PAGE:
Human Rights Reporting & Fact-checking: Over 25 Online Journalists, Bloggers Better Equipped

In a three-day workshop jointly organized by the United Nations Center for Human Rights and Democracy in Central Africa, the United Nations Development Programme, and in partnership with the Cameroon Bloggers Association, online media practitioners and bloggers were trained.

The three-day training workshop that took over 25 online journalists and bloggers to Cameroon’s south regional town in Ebolowa, from February 27 to 29, 2024, was a blend of theories and practical exercises.

Bloggers and online journalists who were at the heart of this training workshop, the first of its kind organized by the United Nations Center for Human Rights and Democracy in Central Africa and the United Nations Development Programme, have been upskilled on some basics of human rights laws; appropriate terminologies to be used in reports; responsible reporting and how to fact-check stories linked to human rights.

Mastering Human Rights Reporting

The training workshop officially launched by the Representative of the Mayor of Ebolowa was aimed at strengthening and building the capacities of bloggers and online journalists on fact-checking and human rights reporting.

Before diving into the subject matter, the different participants who are online journalists and bloggers from across Cameroon’s ten regions, were granted some key notions on Human rights with a general introduction to the Universal Declaration, the United Nations Charter, and the United Nations General Assembly.

The presentation delivered by Sanaa Makanga, Human Rights Officer at UNCHRD-CA permitted the various participants to have an overview of the different thematic.

Also, to properly address human rights issues, participants were drilled on its correlation with the 17 sustainable development goals (SDGs).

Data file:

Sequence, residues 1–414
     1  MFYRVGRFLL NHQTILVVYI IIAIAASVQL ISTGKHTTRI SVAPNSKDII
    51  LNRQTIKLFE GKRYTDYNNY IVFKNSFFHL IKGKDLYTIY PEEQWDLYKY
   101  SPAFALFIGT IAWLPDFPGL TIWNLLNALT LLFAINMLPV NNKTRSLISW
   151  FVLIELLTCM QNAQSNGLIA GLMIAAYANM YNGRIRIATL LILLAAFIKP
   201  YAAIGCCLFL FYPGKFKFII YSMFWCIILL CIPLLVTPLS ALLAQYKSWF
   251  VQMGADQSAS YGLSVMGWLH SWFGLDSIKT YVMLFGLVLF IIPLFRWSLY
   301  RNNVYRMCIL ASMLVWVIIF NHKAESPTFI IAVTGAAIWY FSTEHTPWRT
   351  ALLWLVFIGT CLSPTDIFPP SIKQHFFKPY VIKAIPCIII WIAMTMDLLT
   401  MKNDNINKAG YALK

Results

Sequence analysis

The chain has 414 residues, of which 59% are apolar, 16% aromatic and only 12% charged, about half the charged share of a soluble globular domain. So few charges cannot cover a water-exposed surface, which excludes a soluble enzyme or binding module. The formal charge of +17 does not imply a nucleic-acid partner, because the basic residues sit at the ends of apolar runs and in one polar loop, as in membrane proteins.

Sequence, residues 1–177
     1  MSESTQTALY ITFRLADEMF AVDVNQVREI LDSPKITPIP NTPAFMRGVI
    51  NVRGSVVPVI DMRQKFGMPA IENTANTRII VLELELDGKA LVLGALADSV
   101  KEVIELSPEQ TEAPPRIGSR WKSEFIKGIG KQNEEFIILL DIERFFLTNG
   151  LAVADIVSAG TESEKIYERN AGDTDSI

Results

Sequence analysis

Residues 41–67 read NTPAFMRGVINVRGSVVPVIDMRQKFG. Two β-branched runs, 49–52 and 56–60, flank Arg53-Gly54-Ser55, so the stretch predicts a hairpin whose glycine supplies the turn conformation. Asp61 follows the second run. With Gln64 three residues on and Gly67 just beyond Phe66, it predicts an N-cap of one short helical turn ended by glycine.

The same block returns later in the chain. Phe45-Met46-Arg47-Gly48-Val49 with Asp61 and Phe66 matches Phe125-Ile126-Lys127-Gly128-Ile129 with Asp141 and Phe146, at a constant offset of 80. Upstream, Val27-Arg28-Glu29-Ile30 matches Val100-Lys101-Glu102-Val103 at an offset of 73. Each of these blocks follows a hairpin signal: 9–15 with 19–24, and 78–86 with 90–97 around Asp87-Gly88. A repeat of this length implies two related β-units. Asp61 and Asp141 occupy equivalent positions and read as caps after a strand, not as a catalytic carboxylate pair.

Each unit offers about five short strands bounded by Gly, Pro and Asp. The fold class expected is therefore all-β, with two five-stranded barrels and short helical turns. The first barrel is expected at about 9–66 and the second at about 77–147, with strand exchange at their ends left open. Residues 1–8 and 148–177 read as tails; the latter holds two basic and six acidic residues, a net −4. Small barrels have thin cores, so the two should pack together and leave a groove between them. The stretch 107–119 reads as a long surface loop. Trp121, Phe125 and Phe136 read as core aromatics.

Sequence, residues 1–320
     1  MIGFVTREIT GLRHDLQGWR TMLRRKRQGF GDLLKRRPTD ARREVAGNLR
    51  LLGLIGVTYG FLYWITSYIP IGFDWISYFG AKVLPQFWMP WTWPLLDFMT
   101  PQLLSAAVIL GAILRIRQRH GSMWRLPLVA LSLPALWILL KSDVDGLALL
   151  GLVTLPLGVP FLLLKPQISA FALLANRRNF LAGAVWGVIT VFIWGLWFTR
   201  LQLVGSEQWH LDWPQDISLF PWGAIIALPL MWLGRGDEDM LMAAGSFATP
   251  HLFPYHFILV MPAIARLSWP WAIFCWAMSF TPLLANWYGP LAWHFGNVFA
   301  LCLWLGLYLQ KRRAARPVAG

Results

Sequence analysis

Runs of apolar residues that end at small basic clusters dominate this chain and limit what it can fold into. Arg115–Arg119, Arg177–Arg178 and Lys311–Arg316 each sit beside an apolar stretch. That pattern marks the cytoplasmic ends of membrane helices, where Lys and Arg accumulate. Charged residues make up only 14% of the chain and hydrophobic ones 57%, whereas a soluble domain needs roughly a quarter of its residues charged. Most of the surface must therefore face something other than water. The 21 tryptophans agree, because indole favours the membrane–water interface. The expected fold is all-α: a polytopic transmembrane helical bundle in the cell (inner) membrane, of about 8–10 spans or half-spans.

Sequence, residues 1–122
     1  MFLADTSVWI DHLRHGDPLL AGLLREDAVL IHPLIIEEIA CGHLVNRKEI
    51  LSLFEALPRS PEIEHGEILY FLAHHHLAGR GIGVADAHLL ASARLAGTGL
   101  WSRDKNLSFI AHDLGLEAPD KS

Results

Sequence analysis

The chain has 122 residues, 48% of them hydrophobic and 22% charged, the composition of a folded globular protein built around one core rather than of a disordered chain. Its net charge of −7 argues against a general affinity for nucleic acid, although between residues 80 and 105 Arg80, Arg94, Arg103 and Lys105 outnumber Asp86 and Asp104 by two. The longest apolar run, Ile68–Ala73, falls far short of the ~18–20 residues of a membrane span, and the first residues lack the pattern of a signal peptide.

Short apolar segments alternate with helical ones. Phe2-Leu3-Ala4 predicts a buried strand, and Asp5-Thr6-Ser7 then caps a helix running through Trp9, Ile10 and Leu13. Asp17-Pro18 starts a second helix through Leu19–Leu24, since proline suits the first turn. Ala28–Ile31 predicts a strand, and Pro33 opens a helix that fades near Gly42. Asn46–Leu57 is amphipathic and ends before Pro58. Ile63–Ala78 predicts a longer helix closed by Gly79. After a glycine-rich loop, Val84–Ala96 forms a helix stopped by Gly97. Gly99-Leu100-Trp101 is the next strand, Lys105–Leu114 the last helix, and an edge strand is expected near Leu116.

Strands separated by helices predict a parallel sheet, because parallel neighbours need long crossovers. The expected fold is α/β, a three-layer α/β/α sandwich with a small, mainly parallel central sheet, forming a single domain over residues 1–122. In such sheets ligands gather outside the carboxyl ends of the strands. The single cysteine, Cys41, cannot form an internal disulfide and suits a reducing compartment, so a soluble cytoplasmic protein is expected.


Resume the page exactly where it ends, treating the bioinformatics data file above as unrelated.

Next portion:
Ariel Afana, national economist at the United Nations Development Programme (UNDP) explained the importance of SDGs in Human Rights reporting.

He said the achievement of SDGs by 2030 is critical as over 90% of targets overlap with human rights obligations in the normative framework and with a human rights-based approach stating no one is left behind in development progress.

In the session dedicated to human rights terminology which was led by Fonyuy Kiven Timothy, Human Rights Officer at UNCHRD-CA, several notions were outlined.

Online Journalists and bloggers were plunged into human rights reporting with jargon appropriate for their write-ups. They were equally given hints on how to avoid being entangled in court issues that could emanate from their articles or reports.

One key activity undertaken on day one of this training workshop was that of reflecting on the social status of everyone, going by the fact that: “All human beings are born free and equal in dignity and rights…” as stated in Article 1 of the Universal Declaration.

They were put on starting blocks through an exercise dubbed: “the power walk” They were able to assess the rights, opportunities, and privileges offered to various groups in the society.

Apart from the aforementioned topics presented, journalists and bloggers brainstormed on effective and efficient communication strategies to be set in motion to promote human rights.

Added to the notions acquired during the different sessions, participants who worked in groups were able to exchange and share best practices in case studies highlighted in the course of practical exercises.